The state report cards in Ohio are a disaster. Not because of poor teaching, not because of poor administrators, not because of poor students, but because of poor test composition, poor expectations, poor measurement, poor supports, poor financing, and poor policy making. Superintendent DeMaria, putting the best lipstick he can find on to this pig, and offering nothing but advice, (no resources, no change of policy, no admission of any fault on the state’s part) tells us to be hopeful.
First there’s this. This is what the state thinks of our schools:
– Achievement Component: Over half of all districts and about 60% of all schools received a D or an F.
– Graduation Rate Component: Looks okay for the moment with graduation rates above 90%, but these test results do not impact current graduation rates. When they do, at the end of the 2017/2018 school year, expect graduation rates to drop below 60%
– Progress Component: A third of our districts and schools are in D or F territory.
– Gap Closing Component: How are Ohio’s schools doing at closing the gap between wealthier students and the most vulnerable students? 86% of our school districts got an F.
– K-3 Literacy Component: Over 70% of our districts picked up an F on this measurement.
– Prepared for Success Component: Just under half of our districts were told they deserved a D or F because of the terrible job they are doing.
Seriously? Must be, because Superintendent DeMaria (who is only two months into the job) also says:
“Let’s remember what we’re trying to do: Make sure our students are prepared to succeed in a highly competitive global economy.” DeMaria and the policy makers believe that the best way to do this is to call most of Ohio’s schools, students, teachers, and administrators a bunch of losers. No new resources come with this name calling, no concrete information with which to improve instruction, no supports for students who are struggling. Just non-constructive labeling. Want proof?
DeMaria: “The report card reflects the higher expectations – and it shows. We expected this to happen.” In other words, we knew we would end up calling you all stupid, but we raised the bar anyway. We didn’t have a bit of scientific reasoning behind this increase, but we did it anyway.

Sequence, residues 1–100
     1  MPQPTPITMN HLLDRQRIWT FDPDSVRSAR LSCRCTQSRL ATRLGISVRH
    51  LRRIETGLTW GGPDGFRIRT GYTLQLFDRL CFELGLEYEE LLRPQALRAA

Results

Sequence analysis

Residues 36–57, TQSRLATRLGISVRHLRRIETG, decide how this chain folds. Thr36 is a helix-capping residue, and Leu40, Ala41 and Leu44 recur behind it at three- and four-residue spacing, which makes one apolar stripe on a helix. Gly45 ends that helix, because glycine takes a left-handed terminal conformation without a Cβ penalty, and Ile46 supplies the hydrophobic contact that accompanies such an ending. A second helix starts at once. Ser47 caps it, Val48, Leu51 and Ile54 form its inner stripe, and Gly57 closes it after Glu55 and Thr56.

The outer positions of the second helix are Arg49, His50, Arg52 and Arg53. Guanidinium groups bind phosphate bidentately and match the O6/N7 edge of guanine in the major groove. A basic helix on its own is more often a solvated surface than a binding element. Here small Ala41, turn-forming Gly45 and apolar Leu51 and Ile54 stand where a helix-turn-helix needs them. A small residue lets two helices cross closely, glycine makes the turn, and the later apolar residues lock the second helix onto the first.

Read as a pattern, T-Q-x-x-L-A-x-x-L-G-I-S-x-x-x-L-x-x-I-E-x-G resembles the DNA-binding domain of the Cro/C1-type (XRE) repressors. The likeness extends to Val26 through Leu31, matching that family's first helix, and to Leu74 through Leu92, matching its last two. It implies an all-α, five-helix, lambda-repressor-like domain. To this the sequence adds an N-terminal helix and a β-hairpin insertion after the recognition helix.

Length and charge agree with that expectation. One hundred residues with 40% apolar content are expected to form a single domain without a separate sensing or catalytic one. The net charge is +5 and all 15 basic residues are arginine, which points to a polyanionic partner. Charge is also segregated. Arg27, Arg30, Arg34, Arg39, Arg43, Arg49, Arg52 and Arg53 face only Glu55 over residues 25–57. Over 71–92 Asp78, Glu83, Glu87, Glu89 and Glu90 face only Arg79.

DeMaria: “Improvement does not show up clearly given the changes on the report card.” Truth: Improvement doesn’t show up at all. In the past three years, Ohio’s ranking among the states has dropped from the top 5 to the middle of the pack.
DeMaria: “There’s more to a child’s learning than what is measured on the report card.” Then why aren’t we measuring that instead of putting all of our eggs into the demand for rigor in a few subjects while ignoring many others?
DeMaria: “The report card is one – but not the only – measure of school and district performance.” It would be nice to know what those things are and why they aren’t being reported.
DeMaria: “We know that Ohio’s students, teachers and schools have what it takes to reach our goal.” What is that goal – specifically – because every year the state moves the goal posts.
DeMaria: “We should not let the report cards define us.” Tell that to the local papers who put the scores across their front pages, because that is the only information we give them. Our schools are much more complex than a letter grade can convey, but that’s what you put out there, so that’s what gets reported.
1. To accommodate testing and test preparation for the report cards, recess, art, music, physical education and subjects with great value to educating the whole person are being set aside.
2. Because the report card is based on tests, curriculum must be geared to a test, not to the educational needs of a student. For instance, a child weak in vocabulary may be ignored in favor of teaching the high ordered thinking skills needed for the test.
3. Scores are randomly set higher and higher without causal validity, creating unnecessary pressures on students, teachers, and schools.
4. Teachers are leaving the profession, while potential teachers are not signing up for those pressures. This is causing serious teacher shortages, especially in impoverished schools where teachers are being evaluated as ineffective because their students don’t do well on a test.
5. The education gap between rich and poor is growing as is the racial segregation of schools.
6. Whole communities are destroyed as their schools are rated poorly, thus reducing the value of their property and causing flight to other areas where more affluent schools can be accessed. This is despite the truth that some of our best teachers are in difficult schools with a dedication to help the poor.
7. Even good teachers in struggling schools finally give up and move to more affluent schools where they are paid better, and the tests don’t cause them to be rated as ineffective.
8. Teachers’ relationships with students are negatively impacted by the teacher’s need to get the student to pass a test.
9. Hundreds of millions of dollars are taken from the classroom and redirected to testing companies for a product that is wholly unreliable.
Bottom line: These report cards are doing great harm to our kids. The report cards prove nothing. The report cards will not improve teacher effectiveness, they do not show a principal’s value, they do not improve a school’s success, and they are so out of line with the truth that they can’t be taken seriously. These report cards should be dumped and the hundreds of millions of dollars spent to produce them returned to the classroom.
~A.J. Wagner, State Board of Education Member